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Germany calls for swift progress, and “fierce” Iran nuclear talks resume –

Indirect negotiations between Tehran and Washington to resume the 2015 Iran nuclear agreement resumed in Vienna on Saturday (June 12) because the European Union stated that the negotiations were “vigorous” and Germany called for rapid progress.

The sixth round of negotiations began as usual, and the remaining parties to the agreement — Iran, Russia, China, France, the United Kingdom, Germany, and the European Union — met in the basement of a luxury hotel.

Because Iran refused to meet face-to-face, the US delegation participating in the talks was called the Joint Comprehensive Action Plan (JCPoA) Joint Committee and was stationed in a hotel across the street.

Enrique Mora, the chief coordinator of the talks and EU foreign policy official, said that he hopes to reach an agreement in this round of talks. However, other envoys are more cautious, saying that many thorny issues remain to be resolved.

The EU spokesperson said in a statement to reporters: “We are making progress, but the negotiations are intense, and many issues (still exist), including how to implement the steps. “It is very close to the final agreement in the next few days.”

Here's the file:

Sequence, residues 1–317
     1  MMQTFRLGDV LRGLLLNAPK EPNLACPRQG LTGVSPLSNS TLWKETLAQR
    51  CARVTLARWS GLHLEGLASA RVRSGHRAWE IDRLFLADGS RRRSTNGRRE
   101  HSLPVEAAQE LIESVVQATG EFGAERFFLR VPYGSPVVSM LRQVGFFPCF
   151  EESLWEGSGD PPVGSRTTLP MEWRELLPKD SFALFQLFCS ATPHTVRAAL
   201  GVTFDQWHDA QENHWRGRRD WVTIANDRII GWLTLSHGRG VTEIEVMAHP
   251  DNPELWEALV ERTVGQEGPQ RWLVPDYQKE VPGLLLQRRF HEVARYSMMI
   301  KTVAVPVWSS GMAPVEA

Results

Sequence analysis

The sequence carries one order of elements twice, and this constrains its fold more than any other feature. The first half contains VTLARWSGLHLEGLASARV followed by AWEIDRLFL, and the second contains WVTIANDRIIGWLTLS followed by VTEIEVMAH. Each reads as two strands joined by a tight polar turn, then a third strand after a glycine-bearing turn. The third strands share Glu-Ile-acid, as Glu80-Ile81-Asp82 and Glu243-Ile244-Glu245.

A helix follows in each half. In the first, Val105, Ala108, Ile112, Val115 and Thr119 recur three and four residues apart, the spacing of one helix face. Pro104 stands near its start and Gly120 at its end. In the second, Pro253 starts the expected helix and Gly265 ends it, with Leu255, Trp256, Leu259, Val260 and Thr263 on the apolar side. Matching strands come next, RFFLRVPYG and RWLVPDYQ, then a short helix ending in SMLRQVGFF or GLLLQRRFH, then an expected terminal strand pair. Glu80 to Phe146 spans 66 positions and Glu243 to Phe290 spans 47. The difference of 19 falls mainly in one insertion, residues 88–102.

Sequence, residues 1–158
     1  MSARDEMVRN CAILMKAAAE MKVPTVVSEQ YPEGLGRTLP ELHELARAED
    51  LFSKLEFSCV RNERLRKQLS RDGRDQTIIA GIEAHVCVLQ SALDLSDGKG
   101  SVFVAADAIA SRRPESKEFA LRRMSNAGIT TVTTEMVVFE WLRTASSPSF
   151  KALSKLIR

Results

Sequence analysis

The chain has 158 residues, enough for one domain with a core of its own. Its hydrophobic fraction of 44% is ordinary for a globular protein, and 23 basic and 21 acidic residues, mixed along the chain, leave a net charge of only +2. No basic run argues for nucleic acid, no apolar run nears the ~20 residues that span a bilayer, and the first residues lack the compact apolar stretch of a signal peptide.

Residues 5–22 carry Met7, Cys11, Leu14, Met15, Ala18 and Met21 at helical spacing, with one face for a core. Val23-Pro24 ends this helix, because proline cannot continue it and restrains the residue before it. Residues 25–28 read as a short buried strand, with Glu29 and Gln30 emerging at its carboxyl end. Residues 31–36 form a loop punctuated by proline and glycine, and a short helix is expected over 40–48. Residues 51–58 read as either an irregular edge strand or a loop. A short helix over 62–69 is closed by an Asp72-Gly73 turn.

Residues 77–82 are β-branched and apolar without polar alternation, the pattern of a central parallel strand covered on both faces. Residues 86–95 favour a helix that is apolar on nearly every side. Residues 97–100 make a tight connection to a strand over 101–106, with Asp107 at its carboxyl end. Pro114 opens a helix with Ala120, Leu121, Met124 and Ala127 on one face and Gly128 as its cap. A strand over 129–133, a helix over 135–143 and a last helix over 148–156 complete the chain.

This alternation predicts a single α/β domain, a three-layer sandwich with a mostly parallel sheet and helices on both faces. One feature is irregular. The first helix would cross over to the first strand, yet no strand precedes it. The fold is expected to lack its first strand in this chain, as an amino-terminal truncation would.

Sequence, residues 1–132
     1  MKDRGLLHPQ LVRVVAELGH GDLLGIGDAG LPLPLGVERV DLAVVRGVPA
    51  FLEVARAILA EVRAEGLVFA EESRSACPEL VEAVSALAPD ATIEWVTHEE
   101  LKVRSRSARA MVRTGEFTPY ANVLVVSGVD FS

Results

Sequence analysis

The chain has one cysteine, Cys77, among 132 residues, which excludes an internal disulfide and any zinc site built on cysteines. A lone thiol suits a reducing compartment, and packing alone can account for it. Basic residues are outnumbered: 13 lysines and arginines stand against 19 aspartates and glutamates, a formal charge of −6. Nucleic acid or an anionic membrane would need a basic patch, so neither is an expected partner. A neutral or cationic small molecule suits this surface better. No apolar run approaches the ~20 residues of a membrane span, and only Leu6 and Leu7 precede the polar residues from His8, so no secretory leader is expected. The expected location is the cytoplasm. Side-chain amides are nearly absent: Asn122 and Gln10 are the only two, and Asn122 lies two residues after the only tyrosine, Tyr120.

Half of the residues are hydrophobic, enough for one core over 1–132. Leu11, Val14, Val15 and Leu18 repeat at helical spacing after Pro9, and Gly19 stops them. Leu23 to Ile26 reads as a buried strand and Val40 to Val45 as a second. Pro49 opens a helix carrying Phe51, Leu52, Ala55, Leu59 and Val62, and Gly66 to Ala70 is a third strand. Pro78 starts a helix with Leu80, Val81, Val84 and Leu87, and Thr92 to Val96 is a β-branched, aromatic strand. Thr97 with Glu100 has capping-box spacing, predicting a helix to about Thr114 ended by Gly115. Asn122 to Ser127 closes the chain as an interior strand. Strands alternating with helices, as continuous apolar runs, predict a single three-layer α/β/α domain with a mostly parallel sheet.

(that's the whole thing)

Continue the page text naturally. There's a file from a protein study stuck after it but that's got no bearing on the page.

Iran’s top negotiator, Abbas Arakech, said that negotiations are unlikely to end before the Iranian presidential election on Friday.

“I don’t think we can reach a final conclusion in Vienna this week,” Iranian state media quoted Arakchi as saying.

The agreement or JCPoA imposes strict restrictions on Iran’s nuclear activities and aims to extend the time it takes for Tehran to obtain enough fissile material for nuclear weapons from two to three months to at least one year.

Iran denies that it has sought nuclear weapons, saying its purpose is entirely peaceful.

President Donald Trump withdrew the United States from the agreement in 2018 and re-imposed the economic sanctions lifted by the agreement. Iran’s response was to violate many of these restrictions, producing more enriched uranium than allowed and enriching it to a higher purity level, which has recently approached weapon grade.

“It is not in anyone’s interest to buy time,” German Foreign Minister Heikomas, who did not participate in the talks, told Reuters, urging all parties to show flexibility and pragmatism.

China’s top special envoy said that the main crux lies in the sanctions imposed by the United States. Wang Qun, China’s ambassador to the UN nuclear supervisory agency, told reporters: “Our message to them (the United States) is that they should take decisive action to lift sanctions and stop hesitating.”

Regarding the steps Iran must take to restore compliance with the agreement, Wang said: “To a large extent, the main problem has been resolved as a matter of principle, but I think there are some solutions (left).”

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